MF: How do you feel about the state of IP in biomedical engineering? Is it sufficient?

Langer: I think it’s okay. One of the problems is that when you do things that are highly advanced, you only have finite lifetimes. Vacanti and I filed some patents in 1986, for example, that have expired by now, and those are very broad patents. You’d think that 20 or 21 years was a long time, but when the research takes so long, then by the time actual products come out, it’s not such a long time.

MF: Are you happy with the amount of funding that tissue engineering is receiving?

Langer: No, I think it needs a lot more. To me that’s a huge issue.

MF: How do we change that situation?

Langer: Well, it’s very hard. For example, I think what you’re doing with New Organ is great, but you’re doing it on the back end, and the problem is that we need more funding on the front end. Government grants are really the key, and it’s very hard to get them. And I’m not limiting it to this area. Barack Obama asked me about stem cell research for his book, The Audacity of Hope, and I said to him that it’s really important and it would be great if there were more funding. But the fact is, there are hundreds of areas of research for which you’d like to have more funding. They’re all getting hit. That was true when I talked to him in 2006, and it’s even more true today.

MF: Do you have a sense of the scope of funding that the NIH is providing right now for tissue engineering and related work?

Langer: I don’t know all the grants that are given and spread across the many different institutes of the NIH, but I know a lot of people, including us, that have grants from NIH funding basic work in stem cells. We’ve gotten grants in different biopolymer work, intestinal research, craniofacial research. I think they’re quite diverse. But the question is: If they only fund 5% or 10% of all the grants they receive, that means there’s going to be a lot of good grants that don’t get funded. The overall problem is the limited amount of funds for medical research, period. And in particular, what happens when money is tight is that really long-range projects don’t get funded at all. Projects that are being done by younger researchers are often not funded, as well.

MF: The philanthropic sector seems to be underfunding these areas as well, and has been for some time.

Langer: I think that’s probably fair. I would agree with that.

MF: Why do you think that is? For example, when I look at the Giving Pledge signers list—100 plus billionaires committing 50% or more of their networth toward charity—it’s hard to find many of them who are allocating funds toward tissue engineering or regenerative medicine.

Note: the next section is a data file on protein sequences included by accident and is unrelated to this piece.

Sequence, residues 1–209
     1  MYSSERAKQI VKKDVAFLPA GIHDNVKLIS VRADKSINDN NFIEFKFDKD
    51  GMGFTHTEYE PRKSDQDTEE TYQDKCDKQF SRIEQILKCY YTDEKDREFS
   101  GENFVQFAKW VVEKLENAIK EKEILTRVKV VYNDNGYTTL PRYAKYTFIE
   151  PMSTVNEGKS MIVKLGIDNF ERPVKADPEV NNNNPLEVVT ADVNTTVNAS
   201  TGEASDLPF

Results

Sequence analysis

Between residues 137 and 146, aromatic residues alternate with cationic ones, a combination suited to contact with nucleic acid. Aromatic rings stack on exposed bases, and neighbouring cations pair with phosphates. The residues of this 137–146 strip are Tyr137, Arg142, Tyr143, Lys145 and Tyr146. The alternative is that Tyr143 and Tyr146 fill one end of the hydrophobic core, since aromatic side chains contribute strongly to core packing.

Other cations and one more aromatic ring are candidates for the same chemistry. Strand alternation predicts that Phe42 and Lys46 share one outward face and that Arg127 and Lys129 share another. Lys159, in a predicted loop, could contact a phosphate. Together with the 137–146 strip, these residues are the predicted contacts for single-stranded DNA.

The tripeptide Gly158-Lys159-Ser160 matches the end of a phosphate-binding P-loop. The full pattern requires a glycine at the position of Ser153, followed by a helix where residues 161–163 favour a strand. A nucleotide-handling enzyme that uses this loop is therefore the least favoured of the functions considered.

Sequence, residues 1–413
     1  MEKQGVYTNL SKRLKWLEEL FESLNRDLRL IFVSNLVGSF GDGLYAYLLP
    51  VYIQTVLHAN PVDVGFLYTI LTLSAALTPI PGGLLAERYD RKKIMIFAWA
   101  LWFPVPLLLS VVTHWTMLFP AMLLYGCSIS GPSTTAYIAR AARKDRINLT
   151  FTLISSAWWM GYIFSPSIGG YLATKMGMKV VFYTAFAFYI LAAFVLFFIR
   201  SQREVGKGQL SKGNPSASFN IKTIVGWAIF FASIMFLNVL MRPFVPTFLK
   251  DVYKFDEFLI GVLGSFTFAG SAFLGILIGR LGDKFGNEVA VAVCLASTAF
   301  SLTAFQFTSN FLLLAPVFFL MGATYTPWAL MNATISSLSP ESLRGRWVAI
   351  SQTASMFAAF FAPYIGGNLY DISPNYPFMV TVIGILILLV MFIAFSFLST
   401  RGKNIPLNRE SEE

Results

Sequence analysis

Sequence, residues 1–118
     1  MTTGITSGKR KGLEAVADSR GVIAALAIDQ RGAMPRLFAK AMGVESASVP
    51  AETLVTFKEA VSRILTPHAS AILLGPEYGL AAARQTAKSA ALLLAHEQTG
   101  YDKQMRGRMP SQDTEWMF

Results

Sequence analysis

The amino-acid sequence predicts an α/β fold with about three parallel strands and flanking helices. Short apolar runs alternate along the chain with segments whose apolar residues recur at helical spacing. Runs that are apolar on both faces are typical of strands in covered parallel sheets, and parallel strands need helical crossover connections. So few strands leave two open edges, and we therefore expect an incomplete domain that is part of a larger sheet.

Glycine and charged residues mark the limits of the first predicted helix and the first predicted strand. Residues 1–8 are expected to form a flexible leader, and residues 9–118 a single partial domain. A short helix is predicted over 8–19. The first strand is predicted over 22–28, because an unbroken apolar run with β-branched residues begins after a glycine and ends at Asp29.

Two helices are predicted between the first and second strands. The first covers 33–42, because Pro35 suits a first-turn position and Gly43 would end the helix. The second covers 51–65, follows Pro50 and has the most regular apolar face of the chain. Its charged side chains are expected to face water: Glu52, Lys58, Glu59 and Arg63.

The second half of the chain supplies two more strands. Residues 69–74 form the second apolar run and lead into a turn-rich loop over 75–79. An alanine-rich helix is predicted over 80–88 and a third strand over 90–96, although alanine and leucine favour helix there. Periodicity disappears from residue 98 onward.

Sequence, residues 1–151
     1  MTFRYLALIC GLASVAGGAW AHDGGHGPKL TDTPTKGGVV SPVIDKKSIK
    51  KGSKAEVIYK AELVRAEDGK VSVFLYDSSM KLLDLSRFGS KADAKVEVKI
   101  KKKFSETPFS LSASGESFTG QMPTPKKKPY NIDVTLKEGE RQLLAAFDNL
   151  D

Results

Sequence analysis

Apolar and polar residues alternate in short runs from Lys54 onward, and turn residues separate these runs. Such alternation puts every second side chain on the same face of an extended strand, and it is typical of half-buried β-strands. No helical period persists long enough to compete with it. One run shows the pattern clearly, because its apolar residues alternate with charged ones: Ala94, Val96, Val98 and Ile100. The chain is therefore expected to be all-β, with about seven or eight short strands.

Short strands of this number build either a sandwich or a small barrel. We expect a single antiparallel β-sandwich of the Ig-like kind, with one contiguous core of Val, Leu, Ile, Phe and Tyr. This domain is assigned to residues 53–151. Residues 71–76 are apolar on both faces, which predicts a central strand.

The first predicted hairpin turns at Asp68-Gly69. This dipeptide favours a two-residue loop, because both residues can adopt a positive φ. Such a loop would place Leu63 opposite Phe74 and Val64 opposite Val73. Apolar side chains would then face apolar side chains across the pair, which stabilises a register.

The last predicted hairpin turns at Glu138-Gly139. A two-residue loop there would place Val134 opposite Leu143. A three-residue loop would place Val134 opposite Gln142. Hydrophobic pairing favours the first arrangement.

Langer: I think people do things on a fairly disease-specific basis. Cancer and heart disease are still the number one killers, and people usually support things they’ve seen close relatives die from.

MF: That seems right. Let’s talk a little bit about your lab, which has a tremendous reputation and a prolific level of output. What do you think makes it so special?

Langer: Well, our lab is very interdisciplinary. Our people have backgrounds in many different areas—MD’s, chemical engineers, material scientists—and they are all bright and self-driven. I see it as a training ground for people to become future leaders, inventors, and scholars.

MF: In developing New Organ, we’ve had more conversations with people saying that they came out of your lab than anywhere else.

Langer: Yeah, that might well be.

MF: Looking back over your career, what do you think are some of the main factors that have enabled you to build such a significant, collaborative network that has been so productive over the years?

Langer: I like to think it’s treating people well. It’s thinking out of the box. It’s trying to go after big problems. Those kinds of things.

MF: If one of your students told you they wanted to follow your example and aspired to reach a similar level of accomplishment in his or her career, what advice would you give them?

Langer: Well, I think when you’re young, it’s best to learn the fundamentals well. Learn a single discipline well. When you get a little older, like for your postdoc, maybe then it’s good to really learn something different. I’m a risk taker. I dream big dreams, and I am very, very persistent. I don’t give up easily. I get discouraged, but I’ll keep plugging along. And my goal has been not just to come up with ideas on the blackboard, but to take them all the way to the patient, to make a difference in peoples’ lives.